New Mexico to become first US state to have an official aroma
A new bill has been submitted to add a signature smell to New Mexico’s state symbols. If it goes ahead it may set a precedent for other states to follow suit.
A number of items from the natural world are officially associated with the state of New Mexico; among them the yucca flower, the cutthroat trout and the New Mexico black bear. Now, Democratic senator William Soules has lodged a bill to have a specific aroma underlined as belonging to the US state.
If the request is approved then it will be a coup for New Mexico, not just in terms of being the first US state to claim an olfactory experience for its own, but for the protection it will give the food item that offers the scent.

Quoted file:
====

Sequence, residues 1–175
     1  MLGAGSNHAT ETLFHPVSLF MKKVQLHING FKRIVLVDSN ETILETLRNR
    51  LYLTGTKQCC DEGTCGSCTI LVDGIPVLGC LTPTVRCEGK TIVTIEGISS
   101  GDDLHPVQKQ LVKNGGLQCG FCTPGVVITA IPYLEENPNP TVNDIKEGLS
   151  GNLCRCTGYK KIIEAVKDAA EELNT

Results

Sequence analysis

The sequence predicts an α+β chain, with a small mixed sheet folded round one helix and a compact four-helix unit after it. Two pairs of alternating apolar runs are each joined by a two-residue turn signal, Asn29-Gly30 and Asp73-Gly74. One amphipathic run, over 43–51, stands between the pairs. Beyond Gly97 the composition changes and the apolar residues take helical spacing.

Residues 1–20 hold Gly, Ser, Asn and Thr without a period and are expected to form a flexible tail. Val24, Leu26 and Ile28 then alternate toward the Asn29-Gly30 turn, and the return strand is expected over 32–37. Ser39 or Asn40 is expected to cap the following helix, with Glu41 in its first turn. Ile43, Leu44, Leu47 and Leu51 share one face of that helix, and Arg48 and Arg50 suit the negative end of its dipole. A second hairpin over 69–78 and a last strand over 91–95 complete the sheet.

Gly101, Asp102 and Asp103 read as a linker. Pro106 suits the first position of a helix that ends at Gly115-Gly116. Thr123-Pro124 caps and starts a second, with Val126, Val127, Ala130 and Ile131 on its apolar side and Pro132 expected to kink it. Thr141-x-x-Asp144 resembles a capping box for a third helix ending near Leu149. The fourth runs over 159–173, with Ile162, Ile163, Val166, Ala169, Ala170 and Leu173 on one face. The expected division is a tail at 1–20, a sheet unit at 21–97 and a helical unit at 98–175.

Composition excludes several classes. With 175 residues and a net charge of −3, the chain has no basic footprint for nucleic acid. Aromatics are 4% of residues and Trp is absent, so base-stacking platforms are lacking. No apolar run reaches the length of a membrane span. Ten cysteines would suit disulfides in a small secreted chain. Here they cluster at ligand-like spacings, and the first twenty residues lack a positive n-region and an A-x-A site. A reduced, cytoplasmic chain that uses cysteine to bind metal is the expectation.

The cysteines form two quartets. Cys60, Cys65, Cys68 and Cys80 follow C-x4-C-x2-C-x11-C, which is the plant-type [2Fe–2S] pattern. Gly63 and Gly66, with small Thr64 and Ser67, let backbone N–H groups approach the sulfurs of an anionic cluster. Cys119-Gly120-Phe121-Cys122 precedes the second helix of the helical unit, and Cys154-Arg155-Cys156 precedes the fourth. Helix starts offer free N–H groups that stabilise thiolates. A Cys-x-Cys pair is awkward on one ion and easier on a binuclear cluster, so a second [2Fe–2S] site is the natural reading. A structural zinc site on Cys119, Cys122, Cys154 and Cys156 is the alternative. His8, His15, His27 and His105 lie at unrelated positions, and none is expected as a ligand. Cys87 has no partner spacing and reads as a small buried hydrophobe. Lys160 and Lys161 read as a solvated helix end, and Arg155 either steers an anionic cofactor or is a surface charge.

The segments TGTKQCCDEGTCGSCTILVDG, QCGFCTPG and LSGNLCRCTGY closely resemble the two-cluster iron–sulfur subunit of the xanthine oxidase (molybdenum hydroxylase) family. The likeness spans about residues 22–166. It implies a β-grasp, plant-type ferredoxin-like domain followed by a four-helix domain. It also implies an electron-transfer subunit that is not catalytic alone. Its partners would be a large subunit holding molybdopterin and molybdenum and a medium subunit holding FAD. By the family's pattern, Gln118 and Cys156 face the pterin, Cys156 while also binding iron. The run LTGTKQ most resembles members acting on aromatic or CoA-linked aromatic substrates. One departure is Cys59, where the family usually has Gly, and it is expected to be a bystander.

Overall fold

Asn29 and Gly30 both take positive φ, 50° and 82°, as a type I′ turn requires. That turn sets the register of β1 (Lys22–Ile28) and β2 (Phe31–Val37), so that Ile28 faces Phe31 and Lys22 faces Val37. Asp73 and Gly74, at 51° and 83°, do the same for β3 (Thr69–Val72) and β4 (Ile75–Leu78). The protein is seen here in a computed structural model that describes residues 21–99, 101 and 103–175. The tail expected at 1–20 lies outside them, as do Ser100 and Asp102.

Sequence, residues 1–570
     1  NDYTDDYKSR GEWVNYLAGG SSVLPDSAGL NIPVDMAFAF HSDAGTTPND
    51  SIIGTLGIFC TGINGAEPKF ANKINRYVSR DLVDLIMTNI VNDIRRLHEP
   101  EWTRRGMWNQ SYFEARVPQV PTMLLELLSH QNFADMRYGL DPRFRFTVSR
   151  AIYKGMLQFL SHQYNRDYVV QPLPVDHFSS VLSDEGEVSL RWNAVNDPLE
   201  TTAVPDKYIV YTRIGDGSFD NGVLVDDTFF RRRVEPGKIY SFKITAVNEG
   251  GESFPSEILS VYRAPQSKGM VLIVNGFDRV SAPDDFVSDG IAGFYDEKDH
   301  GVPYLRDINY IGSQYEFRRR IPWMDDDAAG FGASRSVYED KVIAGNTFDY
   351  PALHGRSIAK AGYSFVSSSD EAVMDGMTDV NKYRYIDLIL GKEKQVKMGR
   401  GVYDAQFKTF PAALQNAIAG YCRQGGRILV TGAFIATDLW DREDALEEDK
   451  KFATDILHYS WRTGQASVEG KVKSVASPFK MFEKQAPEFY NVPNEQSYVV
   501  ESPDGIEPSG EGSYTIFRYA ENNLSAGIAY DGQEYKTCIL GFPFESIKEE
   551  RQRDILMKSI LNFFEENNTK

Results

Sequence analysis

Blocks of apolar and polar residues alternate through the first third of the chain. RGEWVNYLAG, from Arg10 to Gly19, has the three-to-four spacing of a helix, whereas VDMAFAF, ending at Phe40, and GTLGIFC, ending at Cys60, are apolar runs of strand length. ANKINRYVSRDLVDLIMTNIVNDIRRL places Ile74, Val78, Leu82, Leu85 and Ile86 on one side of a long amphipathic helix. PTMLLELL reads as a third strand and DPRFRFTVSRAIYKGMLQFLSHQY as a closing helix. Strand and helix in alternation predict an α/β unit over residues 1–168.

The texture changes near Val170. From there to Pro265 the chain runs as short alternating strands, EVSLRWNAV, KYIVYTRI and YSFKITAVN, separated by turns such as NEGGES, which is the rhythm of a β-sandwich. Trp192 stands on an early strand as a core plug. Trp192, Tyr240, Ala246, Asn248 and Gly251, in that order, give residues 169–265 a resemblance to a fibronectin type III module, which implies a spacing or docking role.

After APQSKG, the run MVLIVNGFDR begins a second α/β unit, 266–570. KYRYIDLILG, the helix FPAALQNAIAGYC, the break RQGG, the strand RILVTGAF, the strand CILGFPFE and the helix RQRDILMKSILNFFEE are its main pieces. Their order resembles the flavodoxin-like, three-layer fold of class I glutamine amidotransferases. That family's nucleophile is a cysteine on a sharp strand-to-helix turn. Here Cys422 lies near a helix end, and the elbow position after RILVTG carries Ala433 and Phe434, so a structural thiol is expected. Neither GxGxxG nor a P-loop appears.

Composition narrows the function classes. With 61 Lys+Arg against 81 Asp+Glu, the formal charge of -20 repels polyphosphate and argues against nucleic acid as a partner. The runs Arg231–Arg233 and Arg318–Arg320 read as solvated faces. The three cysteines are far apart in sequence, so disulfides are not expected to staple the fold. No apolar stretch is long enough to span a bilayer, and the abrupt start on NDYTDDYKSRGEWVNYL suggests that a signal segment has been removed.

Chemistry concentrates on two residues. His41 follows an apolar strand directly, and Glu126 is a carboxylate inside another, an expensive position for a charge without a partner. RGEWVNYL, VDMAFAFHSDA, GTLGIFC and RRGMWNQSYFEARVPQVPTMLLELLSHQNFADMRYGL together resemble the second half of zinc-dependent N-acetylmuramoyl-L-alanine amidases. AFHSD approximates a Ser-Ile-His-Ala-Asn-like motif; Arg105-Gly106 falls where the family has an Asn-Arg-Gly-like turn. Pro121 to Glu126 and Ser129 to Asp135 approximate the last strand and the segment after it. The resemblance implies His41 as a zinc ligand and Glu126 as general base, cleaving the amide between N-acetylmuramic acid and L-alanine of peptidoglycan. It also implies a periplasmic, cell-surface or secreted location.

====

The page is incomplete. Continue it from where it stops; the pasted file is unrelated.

The smell of green chilies roasting is the aroma that New Mexicans believe should be theirs alone. And with peak tourist time for the state coinciding with green chile season, the bill could prove to be a savvy commercial move as well as a sentimental one.
“The new state aroma could help draw visitors away from Colorado, which, for some reason, thinks it has green chile comparable to that of New Mexico,” stated a fiscal impact report on the viability of the proposal.
Importantly, however, the state’s claim to the smell would only apply to green chilies roasted during the autumn, not in the spring, summer or winter, when presumably the scent is fair game for anyone.
The bill has already made it through New Mexico state senate’s Health and Public Affairs Committee and the Indian, Rural and Cultural Affairs Committee. The next step is a vote with the full state Senate, according to a tweet from Soules.
Chilies have been grown in the US state, which lies between Texas and Arizona, for more than 400 years, with conquistador Don Juan de Oñate having brought crops with him when he arrived in what would become the United States from Mexico.